Authors: Jerry Jenkins,James S. MacDonald
“As a former newspaperman and one of America's most respected biographers, Jenkins has the know-how to assimilate massive amounts of data about the life of the apostle Paul. However, as a best-selling novelist, he also knows how to unpack this information and turn it into a fast-paced, highly entertaining story. We readers get to enjoy this double bonus.”
Dr. Dennis E. Hensley, Chairman, Department of
Professional Writing, Taylor University
“Once again Jerry Jenkins's amazing imagination and literary skills captured my interest, and I found
pure intrigue! The relational surprises were fascinating, but more importantly I was blessed spiritually with Jerry's unusual ability to weave relevant passages from Paul's subsequent letters into what may have been God's personal messages to him during his three years in the Arabian desert!”
Dr. Gene A. Getz, Pastor, Professor, Author
“The best writers don't explain history or spin tales, they show us our own hearts. This is what Jerry Jenkins has done in
Chris Fabry, Award-Winning Novelist & Host,
Chris Fabry Live
, Moody Radio Network
“Jerry Jenkins takes biblical records and historical data to weave a fascinating story about the apostle Paul. The intrigue, danger, and mysterious romance in
will keep you turning the pages and leave a âwow' in your heart. Be entertained and inspired.”
Sammy Tippit, Author and International Evangelist, San Antonio
“When Jerry Jenkins crafts a novel, he makes every word count. Our senses are engaged and our hearts beat faster as the story moves at breakneck pace. In
, we find all that and more. The apostle Paul lives and breathes on each page, and the God who calls him on the road to Damascus clearly speaks to us as well. Biblical truth and storytelling excellence make this a wonderful read.”
Liz Curtis Higgs,
New York Times
Best-Selling Author of
Mine Is the Night
“Built upon good knowledge of both what the New Testament says and what it does not say, Jenkins enhances Luke's history with his own masterful storytelling skills while still restraining imagination by theological respect.”
Wallace Alcorn, Ph.D., Biblical Scholar and Author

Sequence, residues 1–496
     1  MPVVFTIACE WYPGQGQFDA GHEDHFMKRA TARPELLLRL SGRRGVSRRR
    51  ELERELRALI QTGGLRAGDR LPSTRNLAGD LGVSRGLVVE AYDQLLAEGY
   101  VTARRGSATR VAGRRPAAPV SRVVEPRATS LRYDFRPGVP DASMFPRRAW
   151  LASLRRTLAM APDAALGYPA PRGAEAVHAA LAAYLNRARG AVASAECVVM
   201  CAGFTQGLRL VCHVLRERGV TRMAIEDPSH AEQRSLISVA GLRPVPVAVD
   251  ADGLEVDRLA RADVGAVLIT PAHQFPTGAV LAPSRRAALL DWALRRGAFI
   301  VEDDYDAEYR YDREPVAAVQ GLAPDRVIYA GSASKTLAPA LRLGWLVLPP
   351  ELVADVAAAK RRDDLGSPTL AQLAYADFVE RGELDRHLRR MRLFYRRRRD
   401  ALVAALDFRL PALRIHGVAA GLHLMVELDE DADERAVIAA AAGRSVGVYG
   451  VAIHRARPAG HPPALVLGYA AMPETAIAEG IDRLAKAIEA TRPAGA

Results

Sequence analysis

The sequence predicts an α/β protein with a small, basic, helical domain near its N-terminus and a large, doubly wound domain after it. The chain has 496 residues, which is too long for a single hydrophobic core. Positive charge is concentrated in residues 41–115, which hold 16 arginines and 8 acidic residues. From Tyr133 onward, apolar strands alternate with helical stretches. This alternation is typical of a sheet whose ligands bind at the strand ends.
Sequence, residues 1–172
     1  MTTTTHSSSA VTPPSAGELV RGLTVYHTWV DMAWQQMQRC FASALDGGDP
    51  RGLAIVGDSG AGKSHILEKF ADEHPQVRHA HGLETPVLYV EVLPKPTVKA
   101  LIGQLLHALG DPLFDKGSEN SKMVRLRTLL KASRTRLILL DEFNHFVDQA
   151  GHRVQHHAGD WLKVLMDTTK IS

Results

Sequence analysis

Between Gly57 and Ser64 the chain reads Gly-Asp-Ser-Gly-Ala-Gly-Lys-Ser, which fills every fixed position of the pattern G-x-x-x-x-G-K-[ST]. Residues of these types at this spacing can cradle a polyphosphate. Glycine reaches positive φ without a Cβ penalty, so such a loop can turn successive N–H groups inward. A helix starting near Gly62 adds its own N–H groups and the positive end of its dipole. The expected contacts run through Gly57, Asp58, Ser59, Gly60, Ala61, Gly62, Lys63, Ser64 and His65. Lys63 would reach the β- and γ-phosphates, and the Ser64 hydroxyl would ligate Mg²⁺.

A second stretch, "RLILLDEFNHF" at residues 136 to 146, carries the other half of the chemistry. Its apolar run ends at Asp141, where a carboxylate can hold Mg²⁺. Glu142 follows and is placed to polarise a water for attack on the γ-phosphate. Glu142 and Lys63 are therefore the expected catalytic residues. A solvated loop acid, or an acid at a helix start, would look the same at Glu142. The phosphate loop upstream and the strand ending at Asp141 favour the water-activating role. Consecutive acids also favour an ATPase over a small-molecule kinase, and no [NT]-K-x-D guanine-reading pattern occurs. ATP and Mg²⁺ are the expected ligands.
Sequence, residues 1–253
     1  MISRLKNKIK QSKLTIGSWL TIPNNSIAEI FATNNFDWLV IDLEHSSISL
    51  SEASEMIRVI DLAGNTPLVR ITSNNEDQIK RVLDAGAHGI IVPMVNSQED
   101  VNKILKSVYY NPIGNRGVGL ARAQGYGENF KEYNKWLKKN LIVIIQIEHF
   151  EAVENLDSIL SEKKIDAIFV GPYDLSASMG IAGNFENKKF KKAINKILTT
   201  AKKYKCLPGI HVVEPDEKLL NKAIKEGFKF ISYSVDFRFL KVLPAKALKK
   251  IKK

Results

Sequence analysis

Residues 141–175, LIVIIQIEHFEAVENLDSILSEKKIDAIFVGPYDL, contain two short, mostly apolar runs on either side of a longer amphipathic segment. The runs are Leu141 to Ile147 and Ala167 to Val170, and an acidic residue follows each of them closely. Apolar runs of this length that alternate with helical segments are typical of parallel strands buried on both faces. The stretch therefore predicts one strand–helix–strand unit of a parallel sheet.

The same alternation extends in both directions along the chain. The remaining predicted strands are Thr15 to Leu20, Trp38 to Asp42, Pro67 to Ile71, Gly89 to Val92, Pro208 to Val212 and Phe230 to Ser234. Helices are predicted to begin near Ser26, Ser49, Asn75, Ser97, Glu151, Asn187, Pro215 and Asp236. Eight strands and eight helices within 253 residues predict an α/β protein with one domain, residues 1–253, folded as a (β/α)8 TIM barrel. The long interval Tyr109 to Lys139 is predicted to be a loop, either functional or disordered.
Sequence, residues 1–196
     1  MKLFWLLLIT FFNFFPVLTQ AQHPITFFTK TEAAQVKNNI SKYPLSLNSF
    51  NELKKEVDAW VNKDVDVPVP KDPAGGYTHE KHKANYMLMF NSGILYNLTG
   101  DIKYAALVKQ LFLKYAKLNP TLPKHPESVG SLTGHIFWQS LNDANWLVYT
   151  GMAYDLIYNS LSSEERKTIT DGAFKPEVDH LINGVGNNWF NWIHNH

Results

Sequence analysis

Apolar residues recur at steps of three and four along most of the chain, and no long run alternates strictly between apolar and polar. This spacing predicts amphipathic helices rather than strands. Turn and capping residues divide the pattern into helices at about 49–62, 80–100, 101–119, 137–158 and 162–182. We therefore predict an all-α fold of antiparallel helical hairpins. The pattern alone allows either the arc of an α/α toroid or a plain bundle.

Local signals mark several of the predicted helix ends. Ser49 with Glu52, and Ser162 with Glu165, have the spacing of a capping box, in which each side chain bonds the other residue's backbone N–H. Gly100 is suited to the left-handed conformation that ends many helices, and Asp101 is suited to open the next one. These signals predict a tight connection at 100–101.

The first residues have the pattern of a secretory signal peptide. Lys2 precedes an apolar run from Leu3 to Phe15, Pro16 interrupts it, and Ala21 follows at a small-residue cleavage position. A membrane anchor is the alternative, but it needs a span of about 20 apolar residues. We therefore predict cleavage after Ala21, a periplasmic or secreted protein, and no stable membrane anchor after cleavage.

“The divine revelation poured into the apostle Paul would help launch a movement that would change the world.
brilliantly tells the powerful, supernatural yet very human story as Jerry Jenkins imagines a journey through Paul's extraordinary calling and early ministry life. I couldn't put it down, and highly recommend it!”
Ray Bentley, Senior Pastor,
Maranatha Chapel, San Diego
A NOVEL OF THE APOSTLE PAUL
JERRY B. JENKINS
Copyright Â© 2015 by Jerry B. Jenkins and James S. MacDonald
Published by Worthy Books, an imprint of Worthy Publishing Group, a division of Worthy Media, Inc., One Franklin Park, 6100 Tower Circle, Suite 210, Franklin, TN 37067.
WORTHY is a registered trademark of Worthy Media, Inc.
ELPING PEOPLE EXPERIENCE THE HEART OF
eBook available wherever digital books are sold.
Library of Congress Control Number: 2015937636
All rights reserved. No portion of this book may be reproduced, stored in a retrieval system, or transmitted in any form or by any meansâelectronic, mechanical, photocopy, recording, scanning, or otherâexcept for brief quotations in critical reviews or articles, without the prior written permission of the publisher.
Scripture quotations marked
are taken from the New King James Version
. Copyright Â© 1982 by Thomas Nelson. Used by permission. All rights reserved.
For foreign and subsidiary rights, contact
ISBN: 978-1-61795-007-0 (trade paper)
Cover Design: Brand Navigation
Cover photography: Parthenon ImageâGetty Images, Street and Trees ImageâiStock, Sky ImageâiStock, Parchment Overlay TextureâDreamstime
Digital Illustration: Mike Chiaravalle
Printed in the United States of America
15 16 17 18 19 RRD 8 7 6 5 4 3 2 1
To Trisha White Priebe
FTER HAVING DISTANCED HIMSELF
from the execution of Jesus, Roman Prefect of Judea Pontius Pilate further alienated Jerusalem's Jewish leaders by failing to maintain the protocols of his predecessors.
Those before him had deferred to the sensitivities of the Sanhedrin by not allowing Roman troops to enter the capitol city bearing the ensigns and effigies of Caesar. Pilate allowed them in under the cover of darkness, which only infuriated the citizenry the next day. Then he assigned mounted troops to surround the protesters and threaten them, backing down only when they expressed willingness to die before accepting such a desecration of Mosaic Law.